Lactobacillus plantarum Ribitol-TA Gro-P-ManNAc(β1→4)GlcN(1)-P MurNAc Kojima et al. (1985b) 
Listeria monocytogenes EGD Ribitol-TA Glc(β1→3)Glc(β1→1/3)Gro-P -(3/4)ManNAc(β1→4)GlcNAc(1)-P MurNAc Kaya et al. (1985) 
Micrococcus luteus TUA X-GlcNAc(1)-P MurNAc Gassner et al. (1990) 
Micrococcus varians Poly(1→6)-(GlcNAc-PGro-P-(1→3)Gro-P-(1→3)Gro-P-(1→4)GlcNAc(1)-P MurNAc Coley et al. (1978) 
Mycobacterium sp. MAG Gal(1→6)-Gal(1→5)-Gal(1→4)-Rha(1→3)GlcNAc(1)-P MurNAc McNeil et al. (1990), Yagi (2003) 
Staphylococcus aureusRibitol-TA Gro-P-(1→3)Gro-P-(1→3)Gro-P-(1→4)GlcNAc(1)-P MurNAc Heckels et al. (1975), Coley (1976, 1977, 1978), McArthur et al. (1978), Kojima (1983) 
Staphylococcus aureusRibitol-TA [Gro-P-(1→3)]1–2-Gro-P-(1→2/3)ManNAc(β1→4)GlcNAc(1)-P MurNAc Kojima et al. (1985a) 
Staphylococcus aureus 209P Ribitol-TA [Gro-P-(1→3)]1–2-Gro-P-(1→2/3)ManNAc(β1→4)GlcNAc(1)-P MurNAc Kojima et al. (1985a) 
Streptococcus agalactiae CPS X-Glc(1)-P GlcNAc Deng et al. (2000) 
GB-CH Unknown MurNAc  
Species/strains Cell-wall polymer Structure of the linkage unit Attached to Reference(s) 
Bacillus cereus AHU 1030 Gro-TA ManNAc(β1→4)GlcNAc(1)-P MurNAc Sasaki (1980, 1983) 
Bacillus coagulans Gro-TA Glc(β1→4)GlcNAc(1)-P MurNAc Kaya et al. (1983), Kojima (1985c) 
Bacillus licheniformis AHU137 Gro-TA ManNAc(β1→4)GlcNAc(1)-P MurNAc Kaya et al. (1984) 
Bacillus licheniformis 94 TUA Direct linkage of TUA chain via the terminal GalNAc(1)-P MurNAc Ward & Curtis (1982)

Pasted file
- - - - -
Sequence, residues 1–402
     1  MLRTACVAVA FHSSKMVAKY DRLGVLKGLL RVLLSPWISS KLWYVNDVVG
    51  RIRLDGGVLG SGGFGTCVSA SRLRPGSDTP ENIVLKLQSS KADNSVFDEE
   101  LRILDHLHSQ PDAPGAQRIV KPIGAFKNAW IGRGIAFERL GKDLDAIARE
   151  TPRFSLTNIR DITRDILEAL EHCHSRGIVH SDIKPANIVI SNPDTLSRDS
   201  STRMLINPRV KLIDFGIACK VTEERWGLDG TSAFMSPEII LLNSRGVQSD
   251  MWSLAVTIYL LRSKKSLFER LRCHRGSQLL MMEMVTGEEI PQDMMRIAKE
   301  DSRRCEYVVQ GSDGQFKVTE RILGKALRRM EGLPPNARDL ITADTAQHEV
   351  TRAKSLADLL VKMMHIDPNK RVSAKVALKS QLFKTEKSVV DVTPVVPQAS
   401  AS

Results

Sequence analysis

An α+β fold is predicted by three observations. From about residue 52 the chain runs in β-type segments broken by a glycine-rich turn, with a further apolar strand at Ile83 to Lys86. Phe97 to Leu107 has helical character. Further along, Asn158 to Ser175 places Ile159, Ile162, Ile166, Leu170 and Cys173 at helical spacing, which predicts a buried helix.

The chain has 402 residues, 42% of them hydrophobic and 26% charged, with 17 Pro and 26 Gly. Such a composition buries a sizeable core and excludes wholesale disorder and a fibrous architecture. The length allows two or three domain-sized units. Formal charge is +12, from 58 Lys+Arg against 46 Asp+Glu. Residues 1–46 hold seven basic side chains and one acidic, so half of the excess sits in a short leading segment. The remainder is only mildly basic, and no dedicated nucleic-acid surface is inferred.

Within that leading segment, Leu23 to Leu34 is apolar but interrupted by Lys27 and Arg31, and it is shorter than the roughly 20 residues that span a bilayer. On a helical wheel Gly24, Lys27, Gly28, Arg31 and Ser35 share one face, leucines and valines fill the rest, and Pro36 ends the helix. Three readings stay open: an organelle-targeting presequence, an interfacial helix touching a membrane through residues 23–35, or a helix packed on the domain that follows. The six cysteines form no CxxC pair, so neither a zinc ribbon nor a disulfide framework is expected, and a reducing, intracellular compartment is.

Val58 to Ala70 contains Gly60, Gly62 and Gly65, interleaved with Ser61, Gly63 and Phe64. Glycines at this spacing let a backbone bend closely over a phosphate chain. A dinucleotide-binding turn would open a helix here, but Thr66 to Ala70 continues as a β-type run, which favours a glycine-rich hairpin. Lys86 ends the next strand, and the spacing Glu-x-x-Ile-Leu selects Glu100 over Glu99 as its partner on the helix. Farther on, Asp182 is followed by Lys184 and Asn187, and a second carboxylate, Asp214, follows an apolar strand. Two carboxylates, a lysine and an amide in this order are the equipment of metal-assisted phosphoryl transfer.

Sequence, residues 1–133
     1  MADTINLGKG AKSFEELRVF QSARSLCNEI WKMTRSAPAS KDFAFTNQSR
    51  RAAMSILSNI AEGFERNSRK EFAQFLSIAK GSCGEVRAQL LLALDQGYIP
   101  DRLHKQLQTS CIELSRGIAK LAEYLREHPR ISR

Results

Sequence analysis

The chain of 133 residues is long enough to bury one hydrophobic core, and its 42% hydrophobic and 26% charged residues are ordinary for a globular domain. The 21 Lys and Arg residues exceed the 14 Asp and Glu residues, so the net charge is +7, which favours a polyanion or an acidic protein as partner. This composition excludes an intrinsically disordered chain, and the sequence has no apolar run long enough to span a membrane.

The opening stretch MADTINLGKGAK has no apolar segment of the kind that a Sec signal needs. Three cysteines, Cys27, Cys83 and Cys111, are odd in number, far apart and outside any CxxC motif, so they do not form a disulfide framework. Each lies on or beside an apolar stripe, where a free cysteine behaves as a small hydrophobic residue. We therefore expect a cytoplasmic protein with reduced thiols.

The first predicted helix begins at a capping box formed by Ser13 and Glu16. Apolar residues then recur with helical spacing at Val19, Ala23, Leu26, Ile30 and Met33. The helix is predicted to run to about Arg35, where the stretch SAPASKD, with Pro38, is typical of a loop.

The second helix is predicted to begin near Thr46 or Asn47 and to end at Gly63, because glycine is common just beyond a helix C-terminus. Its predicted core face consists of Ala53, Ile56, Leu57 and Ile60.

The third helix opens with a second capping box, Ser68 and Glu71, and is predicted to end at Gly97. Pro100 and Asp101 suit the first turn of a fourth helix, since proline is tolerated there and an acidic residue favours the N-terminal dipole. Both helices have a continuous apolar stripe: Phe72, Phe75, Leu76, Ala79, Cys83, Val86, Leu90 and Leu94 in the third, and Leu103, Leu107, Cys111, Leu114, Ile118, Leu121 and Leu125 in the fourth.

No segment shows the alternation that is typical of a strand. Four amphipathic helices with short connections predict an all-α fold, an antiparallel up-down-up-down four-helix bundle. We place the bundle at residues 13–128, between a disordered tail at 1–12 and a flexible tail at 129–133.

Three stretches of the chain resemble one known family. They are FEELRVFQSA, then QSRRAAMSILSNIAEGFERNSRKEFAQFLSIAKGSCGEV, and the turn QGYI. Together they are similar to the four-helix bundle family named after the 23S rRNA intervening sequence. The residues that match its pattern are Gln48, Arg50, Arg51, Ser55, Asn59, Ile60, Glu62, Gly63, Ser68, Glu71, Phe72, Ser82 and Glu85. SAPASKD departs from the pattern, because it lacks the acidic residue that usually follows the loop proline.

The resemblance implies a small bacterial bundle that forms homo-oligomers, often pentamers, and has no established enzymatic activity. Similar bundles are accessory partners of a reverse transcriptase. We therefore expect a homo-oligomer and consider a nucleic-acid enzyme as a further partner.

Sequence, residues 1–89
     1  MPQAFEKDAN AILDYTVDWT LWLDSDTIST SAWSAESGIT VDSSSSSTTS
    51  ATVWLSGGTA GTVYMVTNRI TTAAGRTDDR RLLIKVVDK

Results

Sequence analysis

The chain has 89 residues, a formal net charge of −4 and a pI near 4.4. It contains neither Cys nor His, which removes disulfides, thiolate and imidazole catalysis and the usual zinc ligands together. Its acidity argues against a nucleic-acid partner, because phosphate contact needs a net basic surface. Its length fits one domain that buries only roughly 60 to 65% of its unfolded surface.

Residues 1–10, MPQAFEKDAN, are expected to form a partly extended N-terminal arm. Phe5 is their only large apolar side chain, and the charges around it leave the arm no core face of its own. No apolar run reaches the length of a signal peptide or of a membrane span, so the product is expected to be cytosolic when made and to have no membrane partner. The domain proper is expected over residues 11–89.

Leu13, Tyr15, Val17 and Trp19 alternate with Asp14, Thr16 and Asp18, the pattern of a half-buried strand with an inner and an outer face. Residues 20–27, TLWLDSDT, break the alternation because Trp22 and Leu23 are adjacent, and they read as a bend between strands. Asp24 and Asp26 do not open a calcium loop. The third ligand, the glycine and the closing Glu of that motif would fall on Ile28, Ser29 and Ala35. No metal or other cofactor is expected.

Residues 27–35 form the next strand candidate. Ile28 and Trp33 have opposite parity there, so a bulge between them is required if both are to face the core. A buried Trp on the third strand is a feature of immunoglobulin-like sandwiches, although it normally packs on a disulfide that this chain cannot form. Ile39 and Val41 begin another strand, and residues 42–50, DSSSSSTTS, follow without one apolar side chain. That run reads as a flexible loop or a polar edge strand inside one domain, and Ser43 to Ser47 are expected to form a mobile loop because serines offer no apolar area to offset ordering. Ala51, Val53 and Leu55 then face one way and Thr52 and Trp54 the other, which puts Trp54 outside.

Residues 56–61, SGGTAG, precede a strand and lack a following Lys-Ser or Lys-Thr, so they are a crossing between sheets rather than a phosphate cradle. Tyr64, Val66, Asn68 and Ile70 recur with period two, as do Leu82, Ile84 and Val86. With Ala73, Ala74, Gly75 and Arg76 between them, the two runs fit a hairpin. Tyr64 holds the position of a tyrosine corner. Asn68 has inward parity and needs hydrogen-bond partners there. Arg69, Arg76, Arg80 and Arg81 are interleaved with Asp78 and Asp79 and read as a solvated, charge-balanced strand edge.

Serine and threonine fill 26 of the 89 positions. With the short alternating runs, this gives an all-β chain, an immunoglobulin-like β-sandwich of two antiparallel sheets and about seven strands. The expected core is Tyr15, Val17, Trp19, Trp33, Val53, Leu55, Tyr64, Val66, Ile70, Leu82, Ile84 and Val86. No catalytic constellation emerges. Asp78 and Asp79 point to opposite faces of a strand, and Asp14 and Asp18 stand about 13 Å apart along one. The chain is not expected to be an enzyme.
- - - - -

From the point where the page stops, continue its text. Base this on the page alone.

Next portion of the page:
Bacillus pumilus Poly(GlcNAc-P)-TA (Gro-P)7-ManNAc(β1→4)GlcNAc(1)-P MurNAc Kojima et al. (1985d) 
Gro-TA ManNAc(β1→4)GlcNAc(1)-P MurNAc  
Bacillus subtilis AHU 1035 Gro-TA ManNAc(β1→4)GlcNAc(1)-P MurNAc Kaya et al. (1984) 
Bacillus subtilis AHU 1037 Gro-TA ManNAc(β1→4)GlcNAc(1)-P MurNAc Kaya et al. (1984) 
Bacillus subtilis AHU 1325 Gro-TA ManNAc(β1→4)GlcNAc(1)-P MurNAc Kaya et al. (1984) 
Bacillus subtilis AHU 1392 Gro-TA ManNAc(β1→4)GlcNAc(1)-P MurNAc Kaya et al. (1984) 
Bacillus subtilis W23 Ribitol-TA Gro-P-(1→3)Gro-P-(1→3)Gro-P-(1→6)GlcNAc(1)-P MurNAc Coley et al. (1978) 
Bacillus subtilis W23 Ribitol TA [Gro-P-(1→3)]1–2-Gro-P-(1→2/3)ManNAc(β1→4)GlcNAc(1)-P MurNAc Kojima (1985a, b, c, d) 
Bacillus subtilis 168 Poly(GlcGalNAc-P)-TA ManNAc-GlcNAc(1)-P MurNAc Freymond et al. (2006) 
Lactobacillus plantarum Ribitol-TA Gro-P-ManNAc(β1→4)GlcN(1)-P MurNAc Kojima et al. (1985b) 
Listeria monocytogenes EGD Ribitol-TA Glc(β1→3)Glc(β1→1/3)Gro-P -(3/4)ManNAc(β1→4)GlcNAc(1)-P MurNAc Kaya et al. (1985) 
Micrococcus luteus TUA X-GlcNAc(1)-P MurNAc Gassner et al. (1990) 
Micrococcus varians Poly(1→6)-(GlcNAc-PGro-P-(1→3)Gro-P-(1→3)Gro-P-(1→4)GlcNAc(1)-P MurNAc Coley et al. (1978) 
Mycobacterium sp. MAG Gal(1→6)-Gal(1→5)-Gal(1→4)-Rha(1→3)GlcNAc(1)-P MurNAc McNeil et al. (1990), Yagi (2003) 
Staphylococcus aureusRibitol-TA Gro-P-(1→3)Gro-P-(1→3)Gro-P-(1→4)GlcNAc(1)-P MurNAc Heckels et al. (1975), Coley (1976, 1977, 1978), McArthur et al. (1978), Kojima (1983) 
Staphylococcus aureusRibitol-TA [Gro-P-(1→3)]1–2-Gro-P-(1→2/3)ManNAc(β1→4)GlcNAc(1)-P MurNAc Kojima et al. (1985a) 
Staphylococcus aureus 209P Ribitol-TA [Gro-P-(1→3)]1–2-Gro-P-(1→2/3)ManNAc(β1→4)GlcNAc(1)-P MurNAc Kojima et al. (1985a)